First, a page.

Cricket saw its origins in England, and when summer visits the English countryside, the familiar sound of leather against willow can be heard, signifying the start of a new cricket season. For our American readers – Cricket is the name of England’s popular summer sport and not some noisy bug!
Cricket is played worldwide, particularly in Australia, India, Pakistan, the West Indies, and the British Isles.
Every sport has its greatest players; no matter how crowded the field, they stand head and shoulders above their contemporaries. Cricket is no exemption to this rule, and these all-rounders are gifted and versatile with both bat and ball.
Gamers who play fantasy cricket have no doubt stumbled across the names of some of these greats. A list of the greatest all-rounders to grace the gentleman’s game are:
1. Sir Garfield Sobers – West Indies:
The legendary West Indian all-rounder Sir Garfield Sobers is first on the list. Before the household names of the 1980s, such as Sir Vivian Richards, Clive Lloyd, and Joel Garner, there was the incomparable Gary Sobers.
Sobers was regarded as the ultimate cricketer of his era. Even the legendary batsman Sir Don Bradman, referred to Sobers as a “five-in-one cricketer” since he excelled in all game disciplines, with wicket-keeping being the only exception. Sir Garfield Sobers was voted in as one of the top 3 cricketers of the world by BBC viewers.
Test Career: 93 matches, Batting Average: 57.78, Runs: 8,032, Centuries: 26, Wickets: 235, Bowling Average: 34.03.
2. Imran Khan – Pakistan:
Imran Khan is another graceful legend on this list of the Greatest All-Rounders ever. He was both a skilled batsman and a fast bowler in his heyday. That was not all; he was an inspirational leader, too, guiding Pakistan to a World Cup victory in 1992, the pinnacle of the cricketing world.
He led by example and made a significant contribution with the bat against England in the World Cup final of 1992.
Test Career: 88 matches, Batting Average: 37.69, Runs: 3,807 runs, Centuries: 6, Wickets: 362, Bowling Average: 22.81.
ODI Career: 175 matches, Batting Average: 33.41, Runs: 3,709, Century: 1, Wickets: 182, Bowling Average: 26.61.
3. Kapil Dev – India:
Another name on the list that needs no introduction is Kapil Dev, a.k.a the Haryana Hurricane. Kapil Dev is one of the greatest cricketers India has ever produced and was an all-rounder in the classic mold. He was a match-winner with both bat and ball and served India well during his glittering career.
Under his captaincy, India felled the mighty West Indies in the World Cup final in 1983. This victory was sweeter because it came at the prestigious venue, Lord’s, long known as the ‘Mecca’ of cricket.
Test Career: 131 matches, Batting Average: 31.05, Runs: 5,248 runs, Centuries: 8, Wickets: 434, Bowling Average: 29.64.
ODI Career: 225 matches, Batting Average: 23.79, Runs: 3,783, Century: 1, Wickets: 253, Bowling Average: 27.45.
4. Sir Ian Botham – England:
The great Englishman from the 1980s, Ian Botham, is fourth on this list. He was instrumental in reviving the cricketing fortunes of the national side almost single handedly.
Botham is famous for his heroics at the Ashes, for he was a factor that made the difference when England and Australia faced-off in 1981. That year the competition became known as ‘Botham’s Ashes,’ where England beat Australia 3-1. When Botham hung up his gloves, he was the highest wicket-taker in Test Cricket, with 383 scalps.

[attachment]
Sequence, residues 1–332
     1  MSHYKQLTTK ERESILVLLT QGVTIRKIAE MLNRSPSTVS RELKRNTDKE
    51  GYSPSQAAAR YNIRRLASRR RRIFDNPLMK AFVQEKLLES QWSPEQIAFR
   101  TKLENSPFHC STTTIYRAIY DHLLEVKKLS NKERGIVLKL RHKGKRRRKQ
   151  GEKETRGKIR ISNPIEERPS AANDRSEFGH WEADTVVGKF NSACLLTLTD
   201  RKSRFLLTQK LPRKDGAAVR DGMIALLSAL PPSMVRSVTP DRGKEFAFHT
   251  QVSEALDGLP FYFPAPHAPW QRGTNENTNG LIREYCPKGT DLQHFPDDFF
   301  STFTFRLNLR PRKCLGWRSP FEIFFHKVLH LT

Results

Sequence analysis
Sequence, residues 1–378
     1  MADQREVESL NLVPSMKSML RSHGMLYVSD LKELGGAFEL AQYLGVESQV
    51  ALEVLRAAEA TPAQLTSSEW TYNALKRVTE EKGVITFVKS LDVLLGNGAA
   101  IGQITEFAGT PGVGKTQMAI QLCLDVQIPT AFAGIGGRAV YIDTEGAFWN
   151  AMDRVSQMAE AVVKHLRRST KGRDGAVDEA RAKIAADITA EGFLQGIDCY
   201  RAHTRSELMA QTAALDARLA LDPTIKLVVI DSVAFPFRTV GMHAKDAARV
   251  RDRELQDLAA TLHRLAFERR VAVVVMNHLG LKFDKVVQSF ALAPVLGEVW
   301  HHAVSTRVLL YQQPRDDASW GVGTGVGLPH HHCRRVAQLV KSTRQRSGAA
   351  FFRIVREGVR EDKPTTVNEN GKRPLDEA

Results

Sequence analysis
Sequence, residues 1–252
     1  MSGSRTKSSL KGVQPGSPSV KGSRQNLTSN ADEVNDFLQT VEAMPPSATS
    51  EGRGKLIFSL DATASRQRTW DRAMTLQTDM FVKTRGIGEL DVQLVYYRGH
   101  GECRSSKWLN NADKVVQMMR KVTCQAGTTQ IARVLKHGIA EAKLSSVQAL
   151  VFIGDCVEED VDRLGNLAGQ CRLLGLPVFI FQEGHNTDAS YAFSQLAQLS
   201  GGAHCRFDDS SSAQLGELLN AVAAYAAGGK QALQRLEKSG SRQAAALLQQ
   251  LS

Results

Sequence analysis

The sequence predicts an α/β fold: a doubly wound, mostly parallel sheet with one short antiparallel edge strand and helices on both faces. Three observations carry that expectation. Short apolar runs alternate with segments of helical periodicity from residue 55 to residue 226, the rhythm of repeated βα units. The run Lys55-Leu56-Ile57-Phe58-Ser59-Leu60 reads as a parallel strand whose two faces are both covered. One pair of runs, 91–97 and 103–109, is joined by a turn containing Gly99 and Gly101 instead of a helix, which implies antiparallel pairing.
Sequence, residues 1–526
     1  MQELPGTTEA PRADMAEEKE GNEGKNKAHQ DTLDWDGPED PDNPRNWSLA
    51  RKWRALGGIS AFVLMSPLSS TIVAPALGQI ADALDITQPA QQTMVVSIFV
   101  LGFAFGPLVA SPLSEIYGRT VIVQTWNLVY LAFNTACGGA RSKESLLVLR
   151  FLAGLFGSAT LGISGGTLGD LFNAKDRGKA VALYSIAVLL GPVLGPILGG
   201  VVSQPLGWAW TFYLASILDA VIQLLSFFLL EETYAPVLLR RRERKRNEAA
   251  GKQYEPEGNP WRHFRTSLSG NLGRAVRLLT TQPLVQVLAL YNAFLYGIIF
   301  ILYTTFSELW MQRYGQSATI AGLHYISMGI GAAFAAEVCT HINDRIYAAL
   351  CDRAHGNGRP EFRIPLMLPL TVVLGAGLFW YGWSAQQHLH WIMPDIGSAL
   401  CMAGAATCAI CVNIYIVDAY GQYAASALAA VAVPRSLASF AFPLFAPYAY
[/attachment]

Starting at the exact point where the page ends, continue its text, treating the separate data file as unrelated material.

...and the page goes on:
Test Career: 102 matches, 33.54 batting average, 5,200 runs, 14 centuries, 383 wickets, 28.40 bowling average.
ODI Career: 116 matches, Batting Average: 23.21, Runs: 2,113, Centuries: 0, Wickets: 145 wickets, Bowling Average: 28.54.
5. Richard Hadlee – New Zealand:
At number 5 is the Kiwi, Sir Richard John Hadlee. He has the distinction of being the first bowler to pick up 400 wickets in Tests. By the time he retired, he was the highest wicket-taker in test cricket with a final tally of 431.
Along with being acknowledged as one of the most lethal bowlers between 1978 and 1988 and is also regarded as one of the greatest swing bowlers ever.
Test Career: 86 matches, Batting Average: 27.16, Runs: 3,124, Centuries: 2, Wickets: 431, Bowling Average: 22.29.
ODI Career: 115 matches, Batting Average: 21.61, Runs: 1,751, Centuries: 0, Wickets: 158, Bowling Average: 21.56 bowling average.
6. Jaques Kallis (1995-2014) – South Africa:
Next up is Jaques Kallis, who made the South African side a complete unit that notched up wins at home and overseas. He was a truly gifted all-rounder and would have complimented any team in any era.
Kallis was an entertaining batsman, always giving the spectators a good time and sending the opposing team’s fielders on a merry chase for the red cherry.
Test Career: 166 matches, Batting Average: 55.37, Runs: 13,289, Centuries: 45, Wickets: 292, Bowling Average: 32.65.
ODI Career: 328 matches, Batting Average: 44.36, Runs: 11,579 runs, Centuries: 17 centuries, Wickets: 273 wickets, Bowling Average: 31.79.
T20I Career: 25 matches, Batting Average: 35.05, Runs: 666, Centuries: 0, Wickets: 12, Bowling Average: 27.75.
This is but a short list of the greatest all-rounders to ever grace the game of cricket. Other honorable mentions among the greatest all-rounders would be Chris Cairns (New Zealand), Ben Stokes (England), Lance Klusener (South Africa), Shane Watson (Australia), and Wasim Akram (Pakistan).
All-rounders are a rare breed among the cricketing fraternity, and their presence in any team gives it flexibility when choosing the playing 11.